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Slow,
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2 reviews

The Photograph
by Penelope Lively

Published: 2004-05-25
Paperback : 240 pages
4 members reading this now
7 clubs reading this now
3 members have read this book
Recommended to book clubs by 2 of 2 members
Look out for Penelope Lively’s new book, The Purple Swamp Hen and Other Stories.

Man Booker Prize–winning novelist Penelope Lively’s latest masterpiece opens with a snapshot: Kath, before her death, at an unknown gathering, holding hands with a man who is not her husband. The ...
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Introduction

Lively is a grande dame of British letters whose novels have attracted readers of Ian McEwan and Iris Murdoch--as well as those enthralled by her insight into relationships and family. "The Photograph" brings her talents into a whole new page-turning realm, and is Lively at her very best, the dazzling and intriguing climax to all she has written before.

Editorial Review

No editorial review at this time.

Excerpt

Kath.

Kath steps from the landing cupboard, where she should not be.

The landing cupboard is stacked high with what Glyn calls low-use material: conference papers and student references and offprints, including he hopes an offprint that he needs right now for the article on which he is working. The strata in here go back to his postgraduate days, in no convenient sequential order but all jumbled up and juxtaposed. A crisp column of Past and Present is wedged against a heap of tattered files spewing forth their contents. Forgotten students drift to his feet as he rummages, and lie reproachful on the floor: 'Susan Cochrane's contributions to my seminar have been perfunctory …’ Labelled boxes of photographs - Aerial, Bishops Munby 1979, Leeds 1985 -are squeezed against a further row of files. To remove one will bring the lot crashing down, like an ill-judged move in that game involving a tower of balanced blocks. But he has glimpsed behind them a further cache which may well include offprints. ... view entire excerpt...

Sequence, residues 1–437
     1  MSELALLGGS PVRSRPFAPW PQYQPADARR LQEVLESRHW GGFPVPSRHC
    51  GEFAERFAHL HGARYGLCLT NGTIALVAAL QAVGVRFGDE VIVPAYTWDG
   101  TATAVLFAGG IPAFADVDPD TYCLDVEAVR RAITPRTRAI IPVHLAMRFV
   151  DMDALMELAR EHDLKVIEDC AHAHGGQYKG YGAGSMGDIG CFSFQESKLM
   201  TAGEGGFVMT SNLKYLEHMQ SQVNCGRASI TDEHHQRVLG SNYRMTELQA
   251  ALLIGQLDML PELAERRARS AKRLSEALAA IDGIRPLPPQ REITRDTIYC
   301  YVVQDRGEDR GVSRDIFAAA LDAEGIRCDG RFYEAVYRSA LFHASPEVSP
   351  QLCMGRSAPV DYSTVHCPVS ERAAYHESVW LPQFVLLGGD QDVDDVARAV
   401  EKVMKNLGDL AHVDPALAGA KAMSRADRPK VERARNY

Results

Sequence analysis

Discussion Questions

Publisher's Reading Guide Questions:

1. When Glyn stumbles upon the photograph of Kath holding hands with Nick, he feels "driven to extract from this vital piece of evidence all that it can tell about how things were back then, since it appears that they were not as they seemed to be at the time, nor as I have believed them to have been ever since" (p. 15). He expects to find further infidelities, but what harsher truths, about himself as well as Kath, does he uncover? In what ways does he need to learn these things? In what ways does his professional life suit him to his search?

2. Why does Lively tell the story from different points of view? In what ways are multiple perspectives appropriate to the nature of the story?

3. Oliver thinks that Kath "has become like some mythical figure, trawled up at will to fit other people's narratives. Everyone has their way with her, everyone decides what she was, how things were. It seems to him unjust that in the midst of this to-do she is denied a voice" (p. 168). In what ways do the other characters in the novel use and distort the reality of who Kath was to "fit" their narratives? Does the narrative of the novel itself give Kath her own "voice"?

4. After Elaine's conversation with Mary Packard, when she learns that Kath had two devastating miscarriages, she thinks: "The nonbabies are now loud and clear, who did not exist a couple of hours ago. Kath's nonchildren. Because of them—because of these beings who never were—there is a new flavor to much that was said, much that was done. When Kath speaks now, Elaine hears a new note in her voice. Kath says the same things, but she says them in a new way" (p. 221). In what ways is the novel as a whole about not only how the past changes the present but how the present changes the past?